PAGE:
They were in, and the adventure began.
How was the trip financed? Self-paid, sponsored, a combination?
Jonathan: The trip itself was completely self funded, which covered the cost of the charter yacht, the filming and editing along with the flights, visas, production costs and the obligatory beer ration!
Glynn: The trip and film budget was funded completely by us. We knew what we were trying to achieve was pretty extreme. The gear we needed would have to cope with a pretty tough environment to make the trip a success and with that in mind we were very selective about who we approached. Our gear sponsors were behind us 100% They seemed as excited as us about the trip and their brands certainly lived up to their reputations.
You obviously had a local contact, Brent Craig. Tell us about the logistical setup.
Jonathan: It's a huge logistical process, a flight from the UK took us to Johannesburg, then a small flight with Federal air saw us land in Vilanculos in Mozambique. From here we picked up the yacht and sailed over 250 miles out into the middle of the Mozambique channel pretty much half way to Madagascar.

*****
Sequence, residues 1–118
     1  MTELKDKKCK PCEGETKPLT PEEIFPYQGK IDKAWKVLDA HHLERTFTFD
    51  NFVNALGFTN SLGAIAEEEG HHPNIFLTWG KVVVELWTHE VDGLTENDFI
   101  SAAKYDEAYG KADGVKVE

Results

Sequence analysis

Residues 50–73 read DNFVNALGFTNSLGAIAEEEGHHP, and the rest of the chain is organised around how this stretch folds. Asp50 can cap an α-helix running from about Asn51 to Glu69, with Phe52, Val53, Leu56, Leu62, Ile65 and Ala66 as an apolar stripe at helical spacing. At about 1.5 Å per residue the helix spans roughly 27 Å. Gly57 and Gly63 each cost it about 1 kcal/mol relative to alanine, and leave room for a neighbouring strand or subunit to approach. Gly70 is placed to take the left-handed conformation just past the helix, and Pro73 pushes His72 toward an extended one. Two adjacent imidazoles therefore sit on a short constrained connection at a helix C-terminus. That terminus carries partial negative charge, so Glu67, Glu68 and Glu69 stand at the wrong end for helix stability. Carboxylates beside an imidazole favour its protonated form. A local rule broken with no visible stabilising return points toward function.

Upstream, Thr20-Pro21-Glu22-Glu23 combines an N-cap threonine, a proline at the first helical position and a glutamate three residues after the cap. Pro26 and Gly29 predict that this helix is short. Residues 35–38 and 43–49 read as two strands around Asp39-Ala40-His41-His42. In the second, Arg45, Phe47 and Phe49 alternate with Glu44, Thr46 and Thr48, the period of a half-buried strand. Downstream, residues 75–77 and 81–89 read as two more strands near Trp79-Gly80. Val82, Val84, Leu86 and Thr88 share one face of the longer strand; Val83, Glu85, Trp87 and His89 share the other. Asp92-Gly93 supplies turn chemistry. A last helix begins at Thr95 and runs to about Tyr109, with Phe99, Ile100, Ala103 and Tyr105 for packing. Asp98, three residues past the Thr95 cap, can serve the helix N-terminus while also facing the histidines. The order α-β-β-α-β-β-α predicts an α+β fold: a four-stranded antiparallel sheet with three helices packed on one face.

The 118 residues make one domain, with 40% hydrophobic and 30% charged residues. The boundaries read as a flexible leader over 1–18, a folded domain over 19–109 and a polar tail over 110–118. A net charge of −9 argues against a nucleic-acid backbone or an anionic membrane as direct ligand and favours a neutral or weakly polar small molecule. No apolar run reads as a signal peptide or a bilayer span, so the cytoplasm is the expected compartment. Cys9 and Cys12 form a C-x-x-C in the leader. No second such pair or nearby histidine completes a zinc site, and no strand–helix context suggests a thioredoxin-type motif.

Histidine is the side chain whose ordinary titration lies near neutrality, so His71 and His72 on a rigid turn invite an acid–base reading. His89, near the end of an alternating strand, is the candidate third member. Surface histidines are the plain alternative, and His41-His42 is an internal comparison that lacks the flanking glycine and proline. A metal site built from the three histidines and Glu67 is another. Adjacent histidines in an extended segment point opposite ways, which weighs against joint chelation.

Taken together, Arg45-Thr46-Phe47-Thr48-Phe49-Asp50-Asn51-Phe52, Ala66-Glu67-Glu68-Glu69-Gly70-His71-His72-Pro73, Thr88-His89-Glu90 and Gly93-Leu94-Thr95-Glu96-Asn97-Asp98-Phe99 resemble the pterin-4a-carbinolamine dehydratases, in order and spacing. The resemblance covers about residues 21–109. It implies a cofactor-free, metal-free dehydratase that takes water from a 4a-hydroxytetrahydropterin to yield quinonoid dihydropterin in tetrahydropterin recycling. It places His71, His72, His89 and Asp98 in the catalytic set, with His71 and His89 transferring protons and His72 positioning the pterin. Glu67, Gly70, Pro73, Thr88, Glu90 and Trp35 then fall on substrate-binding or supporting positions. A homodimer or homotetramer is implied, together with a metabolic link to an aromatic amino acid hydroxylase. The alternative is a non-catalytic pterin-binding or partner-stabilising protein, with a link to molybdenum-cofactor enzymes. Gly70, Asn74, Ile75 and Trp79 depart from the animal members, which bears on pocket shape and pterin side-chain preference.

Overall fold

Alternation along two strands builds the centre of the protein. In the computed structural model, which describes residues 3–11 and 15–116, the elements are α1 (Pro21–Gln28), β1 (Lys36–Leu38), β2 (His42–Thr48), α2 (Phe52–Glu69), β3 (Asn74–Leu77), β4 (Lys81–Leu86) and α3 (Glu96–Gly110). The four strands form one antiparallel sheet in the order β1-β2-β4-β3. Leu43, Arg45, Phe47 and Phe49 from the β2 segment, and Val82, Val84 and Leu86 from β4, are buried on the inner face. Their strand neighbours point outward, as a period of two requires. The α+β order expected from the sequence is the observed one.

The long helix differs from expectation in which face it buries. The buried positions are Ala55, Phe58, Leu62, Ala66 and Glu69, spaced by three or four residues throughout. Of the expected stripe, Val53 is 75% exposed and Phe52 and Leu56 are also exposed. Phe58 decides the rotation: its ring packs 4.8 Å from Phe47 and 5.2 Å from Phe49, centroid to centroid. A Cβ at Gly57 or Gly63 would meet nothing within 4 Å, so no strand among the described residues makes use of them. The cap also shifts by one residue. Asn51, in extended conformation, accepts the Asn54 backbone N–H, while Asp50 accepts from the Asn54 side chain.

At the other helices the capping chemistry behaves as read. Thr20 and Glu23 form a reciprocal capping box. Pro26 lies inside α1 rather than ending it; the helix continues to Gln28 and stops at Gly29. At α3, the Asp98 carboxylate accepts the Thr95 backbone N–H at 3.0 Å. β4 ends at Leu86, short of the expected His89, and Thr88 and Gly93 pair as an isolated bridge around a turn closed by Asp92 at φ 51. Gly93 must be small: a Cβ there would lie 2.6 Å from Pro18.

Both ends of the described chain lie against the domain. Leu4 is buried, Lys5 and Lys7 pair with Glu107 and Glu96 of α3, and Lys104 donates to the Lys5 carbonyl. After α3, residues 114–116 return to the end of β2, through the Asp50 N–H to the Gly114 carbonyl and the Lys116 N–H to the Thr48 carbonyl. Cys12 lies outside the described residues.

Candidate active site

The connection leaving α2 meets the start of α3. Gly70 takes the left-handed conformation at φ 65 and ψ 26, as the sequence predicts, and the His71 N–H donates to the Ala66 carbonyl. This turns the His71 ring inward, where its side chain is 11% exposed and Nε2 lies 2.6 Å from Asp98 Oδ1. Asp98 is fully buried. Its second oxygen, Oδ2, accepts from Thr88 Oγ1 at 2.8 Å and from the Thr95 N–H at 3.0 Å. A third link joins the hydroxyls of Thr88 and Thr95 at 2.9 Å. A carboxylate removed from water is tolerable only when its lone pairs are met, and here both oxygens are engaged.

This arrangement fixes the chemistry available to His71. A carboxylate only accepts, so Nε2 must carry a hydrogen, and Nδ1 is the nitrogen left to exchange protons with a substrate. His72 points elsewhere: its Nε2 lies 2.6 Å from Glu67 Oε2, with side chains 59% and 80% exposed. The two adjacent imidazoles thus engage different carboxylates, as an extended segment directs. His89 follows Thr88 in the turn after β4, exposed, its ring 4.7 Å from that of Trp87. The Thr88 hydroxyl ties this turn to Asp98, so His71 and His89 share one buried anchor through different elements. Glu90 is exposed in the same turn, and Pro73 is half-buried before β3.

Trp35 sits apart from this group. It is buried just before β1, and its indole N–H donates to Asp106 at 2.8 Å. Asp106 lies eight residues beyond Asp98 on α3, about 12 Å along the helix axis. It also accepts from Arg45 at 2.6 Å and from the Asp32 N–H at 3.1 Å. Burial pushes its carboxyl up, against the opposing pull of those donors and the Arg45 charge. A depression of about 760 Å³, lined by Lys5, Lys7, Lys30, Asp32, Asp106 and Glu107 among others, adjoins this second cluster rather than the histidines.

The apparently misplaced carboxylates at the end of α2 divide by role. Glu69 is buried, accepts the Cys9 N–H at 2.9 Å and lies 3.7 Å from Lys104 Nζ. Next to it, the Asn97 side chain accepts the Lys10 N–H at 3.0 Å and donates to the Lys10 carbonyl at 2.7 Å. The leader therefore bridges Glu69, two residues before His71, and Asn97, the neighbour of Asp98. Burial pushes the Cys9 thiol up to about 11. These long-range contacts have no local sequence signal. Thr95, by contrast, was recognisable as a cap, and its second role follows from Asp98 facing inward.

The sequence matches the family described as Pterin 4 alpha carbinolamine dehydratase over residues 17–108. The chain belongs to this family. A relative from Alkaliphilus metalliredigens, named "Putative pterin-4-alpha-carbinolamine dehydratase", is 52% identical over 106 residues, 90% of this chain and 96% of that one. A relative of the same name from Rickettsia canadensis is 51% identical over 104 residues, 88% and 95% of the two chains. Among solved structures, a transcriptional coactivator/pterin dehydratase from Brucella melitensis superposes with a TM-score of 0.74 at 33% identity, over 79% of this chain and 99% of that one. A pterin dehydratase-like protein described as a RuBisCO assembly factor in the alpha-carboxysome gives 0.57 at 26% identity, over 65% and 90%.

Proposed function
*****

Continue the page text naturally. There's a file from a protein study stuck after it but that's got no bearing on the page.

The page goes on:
As you can imagine carrying enough fishing tackle for 6 anglers for a 12 day trip plus around 100kg+ of camera equipment is a massive job in its own right!
Brent first went out with a friend several years ago and did some diving as well as fishing and has been taking a handful of trips there a year ever since.
Glynn: As Tomo says it's a logistical nightmare. I travel to Mozambique regularly and just going there for a fishing holiday alone has an endless amount of "interesting" logistics and challenges to overcome.
Now we had to get to a very remote place with a film crew and then get another 250 miles out to sea and then back home safely again. It was fun getting to Heathrow and one of the camera guys alone was carrying 60 kilos (120 lbs.) of excess baggage. Not to mention that he was checking in an underwater camera that looked more like a torpedo or a ballistics missile.